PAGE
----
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“All Citizens are Equal before Law and are Entitled to Equal Protection of Law”-Article 27 of the Constitution of the People’s Republic of Bangladesh

Issue No: 68
May 17 , 2008

This week's issue:
Human Rights Analysis
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Rights corner
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Reviewing the views
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Rights of IDPs ignored

Internally displaced person (IDP) has two distinctive features. The population movement is coerced or involuntary, and the movement occurs within national borders. These core elements are reflected in the most widely used definition of internally displaced persons as, “persons or groups of persons, as a result of or in order to avoid natural or human-made disasters, the effects of armed conflict, situations of generalised violence, violations of human rights, who have been forced or obliged to flee or to leave their homes or places of habitual residence and have not crossed an internationally recognised state border.”

The definition of internally displaced persons is not a legal definition but simply a descriptive one. The rights and guarantees to which IDPs are entitled stem from the fact that they are human beings and citizens or habitual residents of a particular State.

The "Guiding Principles on Internal Displacement", although not legally binding, are the main instrument specifically dealing with IDPs. They restate and compile human rights and humanitarian law relevant to internally displaced persons. Below is an overview of international human rights and humanitarian law standards that are applicable to IDPs.

The conditions of danger and deprivation that characterise situations of internal displacement can take a tremendous toll: the highest mortality and malnutrition rates recorded in humanitarian emergencies this past decade have involved internally displaced persons. Uprooted from their homes, separated from their community support networks and often from their families, and thorn of their resource base, IDPs suddenly find themselves stripped of the most basic sources of security and survival. Compounding their plight, displacement exposes its victims to additional vulnerabilities and risks.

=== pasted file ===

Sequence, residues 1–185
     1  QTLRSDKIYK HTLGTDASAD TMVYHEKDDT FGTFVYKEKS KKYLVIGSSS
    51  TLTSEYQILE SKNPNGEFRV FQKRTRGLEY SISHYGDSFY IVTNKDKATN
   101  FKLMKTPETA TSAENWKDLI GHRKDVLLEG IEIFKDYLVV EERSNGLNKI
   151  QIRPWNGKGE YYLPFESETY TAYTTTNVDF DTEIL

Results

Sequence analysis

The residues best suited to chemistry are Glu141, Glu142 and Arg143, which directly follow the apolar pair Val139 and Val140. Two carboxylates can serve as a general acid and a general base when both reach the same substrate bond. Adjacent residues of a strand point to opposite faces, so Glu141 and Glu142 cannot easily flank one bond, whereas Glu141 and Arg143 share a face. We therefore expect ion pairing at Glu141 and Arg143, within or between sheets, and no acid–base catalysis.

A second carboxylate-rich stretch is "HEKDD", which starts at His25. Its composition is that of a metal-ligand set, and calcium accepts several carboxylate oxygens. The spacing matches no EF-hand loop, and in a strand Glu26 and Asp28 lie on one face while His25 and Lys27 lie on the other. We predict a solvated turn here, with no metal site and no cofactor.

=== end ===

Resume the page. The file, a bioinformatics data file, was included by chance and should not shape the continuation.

Primary responsibility for assisting and protecting IDPs rest with their own governments. Should governments prove unable or unwilling to discharge this responsibility, however, governments are expected to invite or at least accept international assistance for ensuring the welfare and security of IDPs.

In Bangladesh river erosion also causes displacement of several people every year, who are gathered in urban areas, especially in Dhaka. These displaced people have some special needs precisely because of their displacement. This is true whether they are in camps, have merged into urban slums, or are hiding to avoid identification. The purpose of paying specific attention to the plight of IDPs as such is not to confer on them a privileged status, but to ensure that their unique needs are addressed, along with those of other groups.

Recently in a press conference in Dhaka Press Club at May 10, 2008, organised by Rajbari District Padma River Erosion Prevention Committee, speakers urged for the different livelihood options for the people of Rajbari and asked Government to take necessary steps to control the mighty Padma. Brig. Gen. (retd) Md. Azizul Haque convenor of the Committee in a keynote informed the sufferings of these IDPs. It is one of the biggest rivers in Bangladesh, which often floods many areas. Like many cities Rajbari has also been built on a river, this river. History says that, Padma is changing its path and localities are changing accordingly. At the same time livelihood options are interrupted. The sub-division office of Railway is shifted to another place as river Padma grabs most of the area and people who are linked with the railway-centred trades and activities became jobless. This also incites displacement of people and people are forced to change their place for existence.

- Law Desk.


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